You said that that was not the case before.
No—there was training directly from a speech and language therapist, an educational psychologist, a clinical psychologist and a physiotherapist, who explained why a child would behave in a certain way and who analysed their behaviour. If a pupil had cerebral palsy or a motor impairment, such people talked about what the brain was doing and why the child walked in a certain way. I have that understanding and what happens now is that I am expected to pass it on to someone else, who will then pass it on to someone else.
There has been a significant change, as you describe it.
Is that because the definition has changed, which means that we are identifying many more children who have such needs and we are having to spread our resources much more thinly? Alternatively, are there problems with the nature of teacher training? What is the reason for the change that you just described?11:15
I think that the reason is purely budget cuts. In the school where I worked, we knew the psychologist personally. We were on first-name terms and, if we had any issues, we spoke to them. If you went into a school now and asked teachers whether they had raised issues with psychologists, they would not know who to go to. Training and the good system that we had have been diluted and eaten away at such that we have no training and people have to learn from each other. If someone is undertaking bad practice, they will be passing it on.
Earlier, Professor Riddell talked about a golden age, and I am a wee bit concerned that what we are talking about here is a golden age. People are trained differently now from how they were trained a while ago because they can now train in all sorts of technological ways. Things move on. The cascading model is used in education and in lots of organisations, so I do not think that it is bad practice in itself. If the resources are not going in at the beginning so that people are trained properly to cascade the training, that is an issue, but surely we are not saying that the cascading model is bad practice.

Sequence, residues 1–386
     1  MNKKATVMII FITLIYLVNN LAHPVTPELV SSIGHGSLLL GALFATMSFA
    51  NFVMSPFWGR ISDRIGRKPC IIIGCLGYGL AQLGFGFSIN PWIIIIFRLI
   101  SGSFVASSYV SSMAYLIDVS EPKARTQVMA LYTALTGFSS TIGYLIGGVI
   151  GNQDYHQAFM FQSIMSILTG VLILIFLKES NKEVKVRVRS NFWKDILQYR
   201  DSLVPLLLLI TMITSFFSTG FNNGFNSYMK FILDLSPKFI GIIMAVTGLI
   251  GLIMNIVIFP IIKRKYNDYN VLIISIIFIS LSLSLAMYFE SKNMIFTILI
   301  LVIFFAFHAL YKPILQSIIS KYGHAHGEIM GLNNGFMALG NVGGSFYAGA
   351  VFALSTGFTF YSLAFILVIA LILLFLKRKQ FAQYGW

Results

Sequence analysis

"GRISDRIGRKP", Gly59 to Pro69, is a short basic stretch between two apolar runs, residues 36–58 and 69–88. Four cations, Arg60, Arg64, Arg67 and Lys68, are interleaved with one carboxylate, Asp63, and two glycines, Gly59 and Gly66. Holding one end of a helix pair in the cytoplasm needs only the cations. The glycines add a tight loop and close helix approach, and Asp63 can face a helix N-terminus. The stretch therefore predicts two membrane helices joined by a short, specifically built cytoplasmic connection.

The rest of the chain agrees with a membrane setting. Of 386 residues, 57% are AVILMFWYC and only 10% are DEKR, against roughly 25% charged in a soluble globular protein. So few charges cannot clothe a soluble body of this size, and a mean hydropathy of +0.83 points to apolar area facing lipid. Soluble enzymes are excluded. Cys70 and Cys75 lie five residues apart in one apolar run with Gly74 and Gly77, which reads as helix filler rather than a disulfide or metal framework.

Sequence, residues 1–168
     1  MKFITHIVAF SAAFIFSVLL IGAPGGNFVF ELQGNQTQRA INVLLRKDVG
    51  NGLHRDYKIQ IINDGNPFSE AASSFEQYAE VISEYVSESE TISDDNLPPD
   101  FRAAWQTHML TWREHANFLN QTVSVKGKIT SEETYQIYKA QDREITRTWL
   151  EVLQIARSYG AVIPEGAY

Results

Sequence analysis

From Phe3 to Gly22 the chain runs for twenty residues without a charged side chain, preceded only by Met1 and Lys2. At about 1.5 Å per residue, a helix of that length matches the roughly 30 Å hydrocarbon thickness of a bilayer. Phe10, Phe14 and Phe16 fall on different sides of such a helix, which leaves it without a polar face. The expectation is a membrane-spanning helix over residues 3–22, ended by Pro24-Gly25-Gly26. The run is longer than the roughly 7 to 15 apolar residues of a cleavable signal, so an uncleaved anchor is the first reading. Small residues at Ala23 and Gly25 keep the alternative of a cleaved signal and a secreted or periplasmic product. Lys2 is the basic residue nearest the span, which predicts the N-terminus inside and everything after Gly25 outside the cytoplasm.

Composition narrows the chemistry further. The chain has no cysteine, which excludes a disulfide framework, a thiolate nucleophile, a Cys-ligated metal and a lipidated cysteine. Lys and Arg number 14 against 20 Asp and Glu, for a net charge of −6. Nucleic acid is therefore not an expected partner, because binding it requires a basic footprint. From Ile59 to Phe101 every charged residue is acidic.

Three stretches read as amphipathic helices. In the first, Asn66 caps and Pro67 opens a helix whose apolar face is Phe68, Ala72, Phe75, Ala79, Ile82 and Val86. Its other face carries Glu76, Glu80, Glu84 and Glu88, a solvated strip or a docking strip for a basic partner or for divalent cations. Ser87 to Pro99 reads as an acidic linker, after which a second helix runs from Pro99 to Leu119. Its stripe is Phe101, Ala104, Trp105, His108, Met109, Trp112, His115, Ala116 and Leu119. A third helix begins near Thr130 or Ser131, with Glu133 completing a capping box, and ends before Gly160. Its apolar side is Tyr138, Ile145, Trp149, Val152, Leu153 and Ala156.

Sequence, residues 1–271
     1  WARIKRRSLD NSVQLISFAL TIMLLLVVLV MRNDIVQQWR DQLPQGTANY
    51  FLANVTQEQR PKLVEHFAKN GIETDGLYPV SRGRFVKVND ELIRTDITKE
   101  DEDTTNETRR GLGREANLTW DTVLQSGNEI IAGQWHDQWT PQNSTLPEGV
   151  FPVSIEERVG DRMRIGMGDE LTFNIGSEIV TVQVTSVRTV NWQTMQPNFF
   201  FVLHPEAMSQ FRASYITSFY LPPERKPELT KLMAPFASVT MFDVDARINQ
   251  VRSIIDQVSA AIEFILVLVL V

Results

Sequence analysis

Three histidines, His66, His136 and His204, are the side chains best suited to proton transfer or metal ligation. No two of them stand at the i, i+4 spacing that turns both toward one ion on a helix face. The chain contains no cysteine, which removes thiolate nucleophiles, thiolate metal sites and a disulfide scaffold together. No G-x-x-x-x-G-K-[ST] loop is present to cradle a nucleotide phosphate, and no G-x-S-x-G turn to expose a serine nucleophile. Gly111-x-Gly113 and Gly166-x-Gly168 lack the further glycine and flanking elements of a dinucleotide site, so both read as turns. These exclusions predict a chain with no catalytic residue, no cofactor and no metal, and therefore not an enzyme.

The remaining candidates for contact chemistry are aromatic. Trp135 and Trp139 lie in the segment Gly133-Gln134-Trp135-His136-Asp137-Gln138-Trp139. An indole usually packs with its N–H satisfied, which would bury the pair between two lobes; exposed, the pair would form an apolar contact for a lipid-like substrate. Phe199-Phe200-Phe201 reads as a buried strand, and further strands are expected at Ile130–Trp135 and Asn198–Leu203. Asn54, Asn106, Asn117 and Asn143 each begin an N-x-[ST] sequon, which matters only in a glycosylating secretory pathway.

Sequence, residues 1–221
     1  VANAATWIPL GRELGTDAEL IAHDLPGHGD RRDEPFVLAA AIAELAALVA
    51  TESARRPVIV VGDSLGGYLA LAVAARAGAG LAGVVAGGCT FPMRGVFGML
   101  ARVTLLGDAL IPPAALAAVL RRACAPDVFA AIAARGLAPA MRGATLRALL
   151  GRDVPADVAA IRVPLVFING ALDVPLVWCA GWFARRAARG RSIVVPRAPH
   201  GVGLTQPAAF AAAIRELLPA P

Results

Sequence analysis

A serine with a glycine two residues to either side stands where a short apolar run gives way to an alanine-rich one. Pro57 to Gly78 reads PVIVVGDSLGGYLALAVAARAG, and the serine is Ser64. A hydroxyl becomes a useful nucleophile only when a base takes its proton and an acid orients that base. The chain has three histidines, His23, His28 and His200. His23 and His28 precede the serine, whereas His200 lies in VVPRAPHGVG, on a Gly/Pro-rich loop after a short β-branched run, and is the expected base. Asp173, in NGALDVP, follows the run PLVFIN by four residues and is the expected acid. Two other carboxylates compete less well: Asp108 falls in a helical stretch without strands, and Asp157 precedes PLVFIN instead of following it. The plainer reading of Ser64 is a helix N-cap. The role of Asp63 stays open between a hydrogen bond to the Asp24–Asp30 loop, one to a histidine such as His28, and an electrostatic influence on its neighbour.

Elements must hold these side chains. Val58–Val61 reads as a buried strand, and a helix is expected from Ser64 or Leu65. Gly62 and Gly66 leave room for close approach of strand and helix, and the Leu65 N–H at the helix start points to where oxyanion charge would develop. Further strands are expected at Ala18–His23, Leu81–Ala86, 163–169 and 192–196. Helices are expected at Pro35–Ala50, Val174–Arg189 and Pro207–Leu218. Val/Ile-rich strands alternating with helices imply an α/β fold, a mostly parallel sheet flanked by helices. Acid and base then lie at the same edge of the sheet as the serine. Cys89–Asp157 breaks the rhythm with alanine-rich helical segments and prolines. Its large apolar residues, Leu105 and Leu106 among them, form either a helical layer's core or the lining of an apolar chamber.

Staff need to be given the time to do the training. Teachers go through CPD, so they have their 35 hours over and above for training and taking on board training. A support staff member’s hours are from 9 until 3. We are front-facing workers and we work from when the children come in until they leave. We are given no time outwith that to get training. When we are in class, we do not get out, and we do not have non-contact time. It is rare for us to get out of class to be given training. We are there, front-facing and firewalling all the time, so we are not given the opportunity.
So the problem is not necessarily with the quality of the training that is coming down the line; it is that you do not have the time to get the training.
That is it.
That is a different thing.
Cascade learning happens in all workplaces—people will ask somebody how to do something if they do not know how to do it—but there has to be somebody who has a proper qualification in the first place to do the cascading. At the moment, we do not have any proper post-qualification training to be a learning support teacher, for example—it is all ad hoc. Sometimes that training is done well and sometime it is not. It would be a good idea for us to have a proper postgraduate qualification in learning support. If that implies that learning support should be a promoted post, there might be an incentive to do that, but we do not have such training, which we used to have in the past.
At a previous meeting, I made the point that the classroom is very different today from what it was 20 years ago, and we are discussing the fact that, since 2010, there has been a 153 per cent increase in the number of pupils identified as having additional support needs, which is one big change. More languages are being spoken in the average classroom in Scotland than there were perhaps 20 years ago, and so on. Things have therefore changed.
There have been references to the need for additional classroom assistants, educational psychologists and so on, and I am trying to work out how the committee can make recommendations on the smartest interventions that ministers can make to address the pressure that we are talking about today. Is anyone able to prioritise how the Government should intervene to address some of the pressures that we are discussing?
Front-line staff are really important. We need well-trained pupil support assistants who know the children who they are dealing with. Somebody said earlier that the number of those assistants has dropped; it is really important to get those people back in place and working with individual pupils on the front line. That will make a difference for everybody, because if a pupil support assistant is helping a pupil and stopping them disrupting a lesson, they can pre-empt behaviours. They can see what is going to happen and give a pupil time out of class, which can definitely help.